Paul Walker

Walker’s Last Walk

4) Don’t Judge a Movie by Its Trailer

Please do not.

Again, take Furious 7. A mediocre trailer that looked like one more drag of a franchisee. But look at what director James Wan conjured by upholding the values of true friendship and family above all else in a flick where you least expected it.

5) Punch Lines and Wisecracks

No matter how corny, punch lines still evoke a thunderous response. Many become immortal and permanently etched in the history on filmdom. Rule #1 (above) is a much quoted punch line, and who can forget, “Hasta la vista, baby!

6) A Sequel Can Never Live Up To Its Predecessor

But if it did, a classic was born.

Godfather II was probably one of the last good sequel that was as riveting as its predecessor. Over time, this changed. Style took over substance. Sequels, prequels, rehashes, and reboots are strategically scripted, planned, and released by studios to rake in the moolah. Just when you think the sequel is bad, they reboot the entire thing and create a new franchisee.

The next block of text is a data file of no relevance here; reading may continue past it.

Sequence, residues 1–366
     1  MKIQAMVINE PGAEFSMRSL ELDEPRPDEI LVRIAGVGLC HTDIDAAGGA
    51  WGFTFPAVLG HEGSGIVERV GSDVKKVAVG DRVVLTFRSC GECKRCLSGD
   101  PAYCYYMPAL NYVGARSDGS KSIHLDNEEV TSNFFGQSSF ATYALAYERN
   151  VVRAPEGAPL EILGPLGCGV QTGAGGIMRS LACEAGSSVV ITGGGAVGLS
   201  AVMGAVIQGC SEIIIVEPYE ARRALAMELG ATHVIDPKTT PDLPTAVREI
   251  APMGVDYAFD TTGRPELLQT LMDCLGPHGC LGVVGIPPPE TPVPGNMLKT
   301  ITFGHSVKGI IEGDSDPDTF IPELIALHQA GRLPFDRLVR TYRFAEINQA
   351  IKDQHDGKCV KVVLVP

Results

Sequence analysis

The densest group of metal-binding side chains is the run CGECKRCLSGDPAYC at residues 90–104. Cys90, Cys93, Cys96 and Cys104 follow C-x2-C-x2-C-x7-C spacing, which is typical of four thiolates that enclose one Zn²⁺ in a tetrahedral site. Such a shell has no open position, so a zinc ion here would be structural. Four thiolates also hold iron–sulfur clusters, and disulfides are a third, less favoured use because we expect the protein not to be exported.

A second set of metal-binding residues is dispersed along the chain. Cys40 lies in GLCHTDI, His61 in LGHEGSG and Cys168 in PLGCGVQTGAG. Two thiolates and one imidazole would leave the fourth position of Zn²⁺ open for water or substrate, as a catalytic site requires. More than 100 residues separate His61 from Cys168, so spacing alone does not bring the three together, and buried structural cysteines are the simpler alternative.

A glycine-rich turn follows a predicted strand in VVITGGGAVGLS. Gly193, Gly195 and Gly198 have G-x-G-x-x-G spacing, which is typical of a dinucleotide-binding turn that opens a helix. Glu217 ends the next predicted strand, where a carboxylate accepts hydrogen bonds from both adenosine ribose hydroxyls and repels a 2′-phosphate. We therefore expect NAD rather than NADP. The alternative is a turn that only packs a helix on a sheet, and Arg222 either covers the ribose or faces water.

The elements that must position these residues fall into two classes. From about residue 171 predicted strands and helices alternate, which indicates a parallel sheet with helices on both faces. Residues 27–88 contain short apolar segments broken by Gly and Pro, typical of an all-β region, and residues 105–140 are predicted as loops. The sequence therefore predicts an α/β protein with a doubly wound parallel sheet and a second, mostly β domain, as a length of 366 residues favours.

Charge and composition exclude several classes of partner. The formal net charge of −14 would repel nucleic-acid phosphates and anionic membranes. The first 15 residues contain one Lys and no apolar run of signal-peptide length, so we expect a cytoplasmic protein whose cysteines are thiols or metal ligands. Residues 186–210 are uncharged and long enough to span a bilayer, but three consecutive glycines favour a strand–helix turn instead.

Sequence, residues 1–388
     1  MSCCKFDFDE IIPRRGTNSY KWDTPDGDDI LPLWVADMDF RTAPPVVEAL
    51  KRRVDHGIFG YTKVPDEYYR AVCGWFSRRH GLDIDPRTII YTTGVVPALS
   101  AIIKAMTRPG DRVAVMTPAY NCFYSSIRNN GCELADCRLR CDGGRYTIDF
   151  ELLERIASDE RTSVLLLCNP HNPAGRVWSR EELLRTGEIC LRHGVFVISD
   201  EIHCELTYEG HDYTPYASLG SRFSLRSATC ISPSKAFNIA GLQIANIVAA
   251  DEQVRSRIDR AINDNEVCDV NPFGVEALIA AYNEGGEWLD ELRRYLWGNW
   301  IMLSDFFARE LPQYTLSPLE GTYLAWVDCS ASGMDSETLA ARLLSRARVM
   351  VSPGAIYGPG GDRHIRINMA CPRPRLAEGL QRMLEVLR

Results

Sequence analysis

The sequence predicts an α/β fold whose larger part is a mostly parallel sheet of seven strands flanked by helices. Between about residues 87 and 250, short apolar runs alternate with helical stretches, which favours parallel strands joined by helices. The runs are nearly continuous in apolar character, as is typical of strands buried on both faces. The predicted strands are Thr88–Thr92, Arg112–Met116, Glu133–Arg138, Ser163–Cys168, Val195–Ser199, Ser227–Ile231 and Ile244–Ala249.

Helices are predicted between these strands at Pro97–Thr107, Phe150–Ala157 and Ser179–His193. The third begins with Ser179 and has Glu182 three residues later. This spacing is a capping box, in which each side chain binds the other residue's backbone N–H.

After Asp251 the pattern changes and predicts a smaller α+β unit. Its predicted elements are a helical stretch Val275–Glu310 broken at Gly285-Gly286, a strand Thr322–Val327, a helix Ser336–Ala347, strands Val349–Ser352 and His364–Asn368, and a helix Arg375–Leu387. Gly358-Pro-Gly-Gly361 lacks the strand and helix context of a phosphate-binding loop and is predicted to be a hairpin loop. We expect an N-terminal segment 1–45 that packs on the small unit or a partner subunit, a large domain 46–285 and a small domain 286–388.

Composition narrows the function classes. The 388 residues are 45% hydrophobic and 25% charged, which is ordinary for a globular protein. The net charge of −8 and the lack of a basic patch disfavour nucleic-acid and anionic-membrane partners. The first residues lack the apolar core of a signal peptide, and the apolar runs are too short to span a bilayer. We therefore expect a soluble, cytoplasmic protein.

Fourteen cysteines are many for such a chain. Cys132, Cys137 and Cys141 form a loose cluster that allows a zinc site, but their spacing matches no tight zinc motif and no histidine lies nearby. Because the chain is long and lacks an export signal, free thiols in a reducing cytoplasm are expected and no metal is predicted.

Thankfully there are exceptions—Rocky, Back to the Future, Terminator 2, Kill Bill 2, Furious 7 that keep the hope alive.

7) It Ain’t Over Till it’s Over

Now, this is overkill.

Who doesn’t love one last action climax? Maybe just one penultimate face-off before the final showdown. Greedy fans always want more. And if the director can pull this off with suspense, chills, and élan (read without inducing yawns), that’s an action classic.

8)  Stop. Play. Repeat.